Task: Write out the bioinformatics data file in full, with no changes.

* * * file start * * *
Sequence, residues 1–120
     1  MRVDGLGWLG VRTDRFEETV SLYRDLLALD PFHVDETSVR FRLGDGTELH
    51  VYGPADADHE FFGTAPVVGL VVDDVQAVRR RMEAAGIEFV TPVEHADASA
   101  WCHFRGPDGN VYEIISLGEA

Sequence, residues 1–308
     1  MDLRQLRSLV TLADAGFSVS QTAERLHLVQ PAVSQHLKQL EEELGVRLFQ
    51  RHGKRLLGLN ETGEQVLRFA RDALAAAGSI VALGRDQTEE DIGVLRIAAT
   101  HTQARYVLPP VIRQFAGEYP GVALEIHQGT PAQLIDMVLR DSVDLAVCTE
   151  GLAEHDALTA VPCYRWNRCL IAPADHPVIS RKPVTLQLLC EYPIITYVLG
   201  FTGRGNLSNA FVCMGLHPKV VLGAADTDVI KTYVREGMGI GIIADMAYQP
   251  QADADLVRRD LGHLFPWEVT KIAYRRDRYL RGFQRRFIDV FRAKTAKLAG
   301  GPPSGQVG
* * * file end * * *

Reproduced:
Sequence, residues 1–120
     1  MRVDGLGWLG VRTDRFEETV SLYRDLLALD PFHVDETSVR FRLGDGTELH
    51  VYGPADADHE FFGTAPVVGL VVDDVQAVRR RMEAAGIEFV TPVEHADASA
   101  WCHFRGPDGN VYEIISLGEA

Sequence, residues 1–308
     1  MDLRQLRSLV TLADAGFSVS QTAERLHLVQ PAVSQHLKQL EEELGVRLFQ
    51  RHGKRLLGLN ETGEQVLRFA RDALAAAGSI VALGRDQTEE DIGVLRIAAT
   101  HTQARYVLPP VIRQFAGEYP GVALEIHQGT PAQLIDMVLR DSVDLAVCTE
   151  GLAEHDALTA VPCYRWNRCL IAPADHPVIS RKPVTLQLLC EYPIITYVLG
   201  FTGRGNLSNA FVCMGLHPKV VLGAADTDVI KTYVREGMGI GIIADMAYQP
   251  QADADLVRRD LGHLFPWEVT KIAYRRDRYL RGFQRRFIDV FRAKTAKLAG
   301  GPPSGQVG